People drain me; the more I’m around them, the more I want to be away from them.  This obviously excludes family and my husband.  But animals make me feel fantastic and the more I’m around them, the more I want to be around them.  The only exception to the people rule is when I get to talk to people about animals.

How I feel when people want to talk to me.

Working in an animal field, though, you tend to work with kindred spirits, and you can commiserate with other non-people people.  We go into the animal care field because we don’t like being around people–people are selfish, they are stupid, they are cruel.  And that’s just to each other, I won’t even begin discussing how selfish, stupid and cruel they can be to an animal that lacks the ability to fight back for themselves.

Recently while I participated in a very wonderful, educational day at the other place that I volunteer, I took one look at our Director and designated myself a “floater” for her, rather than where she asked me to go, because she looked frazzled, nervous and apprehensive.  I recognized it from my own recent experience with my own first huge event for MRC.  Because I was a floater, sometimes directing people to the talks, sometimes having a bird on the glove, sometimes supervising the junior volunteers, I had an opportunity to observe my peers and co-workers.  There were some that were people-people and some that were animal-people.  It was very apparent by the roles they took and how they handled the public.  Many of my wildlife rehab peers are very much animal-people, with a few people-people mixed in, which is not much of a surprise.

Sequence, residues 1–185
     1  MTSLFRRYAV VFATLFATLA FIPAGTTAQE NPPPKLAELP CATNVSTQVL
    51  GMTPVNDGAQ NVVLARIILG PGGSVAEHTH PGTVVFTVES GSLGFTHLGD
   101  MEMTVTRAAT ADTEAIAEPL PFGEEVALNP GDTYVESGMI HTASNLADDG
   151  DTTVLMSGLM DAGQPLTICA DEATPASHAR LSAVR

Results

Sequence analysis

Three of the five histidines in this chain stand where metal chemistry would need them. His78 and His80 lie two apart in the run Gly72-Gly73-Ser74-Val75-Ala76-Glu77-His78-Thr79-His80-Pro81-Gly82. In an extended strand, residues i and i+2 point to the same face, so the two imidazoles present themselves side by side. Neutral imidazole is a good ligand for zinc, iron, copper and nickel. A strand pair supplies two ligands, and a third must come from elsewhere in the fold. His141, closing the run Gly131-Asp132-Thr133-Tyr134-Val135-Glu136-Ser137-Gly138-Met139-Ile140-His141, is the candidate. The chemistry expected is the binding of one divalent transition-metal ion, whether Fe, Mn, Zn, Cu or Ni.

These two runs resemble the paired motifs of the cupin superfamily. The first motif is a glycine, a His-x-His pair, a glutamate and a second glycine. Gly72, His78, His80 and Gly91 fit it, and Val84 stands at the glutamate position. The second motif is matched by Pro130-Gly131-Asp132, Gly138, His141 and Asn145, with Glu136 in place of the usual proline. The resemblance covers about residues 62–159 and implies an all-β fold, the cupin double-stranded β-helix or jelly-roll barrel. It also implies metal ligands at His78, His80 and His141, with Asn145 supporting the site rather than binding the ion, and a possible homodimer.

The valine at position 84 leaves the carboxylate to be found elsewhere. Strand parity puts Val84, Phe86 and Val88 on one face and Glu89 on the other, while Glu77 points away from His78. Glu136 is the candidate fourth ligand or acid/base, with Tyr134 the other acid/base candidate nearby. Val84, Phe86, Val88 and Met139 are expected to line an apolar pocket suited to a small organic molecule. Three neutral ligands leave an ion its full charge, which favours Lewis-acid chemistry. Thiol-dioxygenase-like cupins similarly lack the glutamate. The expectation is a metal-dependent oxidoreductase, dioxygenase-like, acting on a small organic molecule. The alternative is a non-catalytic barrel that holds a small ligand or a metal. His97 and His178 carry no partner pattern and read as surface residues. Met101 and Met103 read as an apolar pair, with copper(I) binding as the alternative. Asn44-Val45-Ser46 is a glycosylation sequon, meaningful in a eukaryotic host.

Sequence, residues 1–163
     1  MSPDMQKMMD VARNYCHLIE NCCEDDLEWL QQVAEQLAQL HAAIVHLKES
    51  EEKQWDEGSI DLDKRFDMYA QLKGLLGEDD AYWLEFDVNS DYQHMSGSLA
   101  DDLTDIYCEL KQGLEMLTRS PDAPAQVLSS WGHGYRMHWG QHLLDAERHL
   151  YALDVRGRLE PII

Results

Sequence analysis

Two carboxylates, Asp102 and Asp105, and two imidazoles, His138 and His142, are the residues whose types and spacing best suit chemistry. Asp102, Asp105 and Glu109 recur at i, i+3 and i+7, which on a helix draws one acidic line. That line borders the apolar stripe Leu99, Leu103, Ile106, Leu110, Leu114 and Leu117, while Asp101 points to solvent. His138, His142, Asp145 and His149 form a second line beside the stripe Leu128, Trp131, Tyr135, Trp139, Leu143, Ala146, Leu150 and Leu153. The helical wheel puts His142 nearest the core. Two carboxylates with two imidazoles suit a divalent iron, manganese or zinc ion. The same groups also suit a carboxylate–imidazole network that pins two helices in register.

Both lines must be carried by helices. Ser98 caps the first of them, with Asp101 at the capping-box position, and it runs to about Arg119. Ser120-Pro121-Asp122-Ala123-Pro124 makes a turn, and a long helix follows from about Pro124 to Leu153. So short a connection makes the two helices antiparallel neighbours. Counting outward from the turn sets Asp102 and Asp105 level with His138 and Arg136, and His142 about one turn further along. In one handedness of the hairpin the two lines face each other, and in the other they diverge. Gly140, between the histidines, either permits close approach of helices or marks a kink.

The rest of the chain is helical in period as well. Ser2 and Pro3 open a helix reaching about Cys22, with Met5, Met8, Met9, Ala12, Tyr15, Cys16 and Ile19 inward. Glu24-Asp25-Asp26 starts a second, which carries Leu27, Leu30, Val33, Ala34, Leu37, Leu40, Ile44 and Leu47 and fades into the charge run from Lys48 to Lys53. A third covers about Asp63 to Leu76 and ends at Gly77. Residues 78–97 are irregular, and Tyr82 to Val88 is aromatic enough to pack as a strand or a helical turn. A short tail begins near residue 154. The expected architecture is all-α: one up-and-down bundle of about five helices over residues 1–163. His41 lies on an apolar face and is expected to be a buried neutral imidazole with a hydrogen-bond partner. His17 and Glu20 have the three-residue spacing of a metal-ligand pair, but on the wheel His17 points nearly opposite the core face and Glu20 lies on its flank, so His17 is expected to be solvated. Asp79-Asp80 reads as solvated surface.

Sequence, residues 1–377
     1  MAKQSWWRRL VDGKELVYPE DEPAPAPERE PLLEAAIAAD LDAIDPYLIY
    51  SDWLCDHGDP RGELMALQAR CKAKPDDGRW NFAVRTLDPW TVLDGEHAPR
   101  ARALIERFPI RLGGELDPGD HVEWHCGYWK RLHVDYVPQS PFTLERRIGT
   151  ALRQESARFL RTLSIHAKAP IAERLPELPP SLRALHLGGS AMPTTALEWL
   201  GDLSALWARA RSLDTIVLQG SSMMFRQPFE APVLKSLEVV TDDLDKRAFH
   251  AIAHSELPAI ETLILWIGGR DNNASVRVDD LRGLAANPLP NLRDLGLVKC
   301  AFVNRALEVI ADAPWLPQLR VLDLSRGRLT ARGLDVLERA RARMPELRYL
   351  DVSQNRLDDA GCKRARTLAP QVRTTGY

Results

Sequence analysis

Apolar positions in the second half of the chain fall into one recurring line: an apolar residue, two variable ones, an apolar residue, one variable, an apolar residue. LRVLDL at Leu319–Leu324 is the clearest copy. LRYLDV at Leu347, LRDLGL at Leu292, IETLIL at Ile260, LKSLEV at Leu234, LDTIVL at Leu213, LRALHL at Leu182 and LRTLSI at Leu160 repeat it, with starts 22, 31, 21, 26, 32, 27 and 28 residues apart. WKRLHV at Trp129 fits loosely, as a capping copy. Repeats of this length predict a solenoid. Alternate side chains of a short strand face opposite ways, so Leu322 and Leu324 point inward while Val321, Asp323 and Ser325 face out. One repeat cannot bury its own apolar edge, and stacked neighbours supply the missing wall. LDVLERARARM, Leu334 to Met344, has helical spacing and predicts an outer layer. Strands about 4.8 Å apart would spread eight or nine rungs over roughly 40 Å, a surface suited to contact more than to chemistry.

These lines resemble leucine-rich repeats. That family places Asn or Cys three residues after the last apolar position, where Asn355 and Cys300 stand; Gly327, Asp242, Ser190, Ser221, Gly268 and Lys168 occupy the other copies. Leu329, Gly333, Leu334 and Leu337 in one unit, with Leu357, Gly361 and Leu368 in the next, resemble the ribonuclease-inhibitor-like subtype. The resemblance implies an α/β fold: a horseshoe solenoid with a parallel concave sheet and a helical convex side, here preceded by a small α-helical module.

But I love taking care of the animals and I love telling people about them as well.  And the more that I know about something, the more excited I am to tell others about it.  Because I feel  like the information I know is so incredibly cool that everyone should be as amazed by it.  The nice thing about being at places like MRC and Lake Erie Nature & Science Center (LENSC) is that people come to these places and book programs because they’re already interested in the birds and animals.  Getting them excited about even more information about them is easy, and so I love doing these sorts of programs and encounters.  I can never get enough of having a bird on my glove or an animal in my hand and talking to people about it.  It’s partly getting people excited about the animal, but for the most part, it’s about the contact and interaction with the animal–especially when we’re talking raptors.

Despite how busy and long the day was, I didn’t leave LENSC feeling drained at all, not in the same way that I feel after only four hours working as a Starbucks barista.  Being with the animals recharges me even while I spend time around people, and I always come home from MRC or LENSC maybe feeling a little physically tired depending on what I’ve done, but never emotionally or mentally tired the way I do after Starbucks.

I am an animal person, not a people person and I’m proud of that.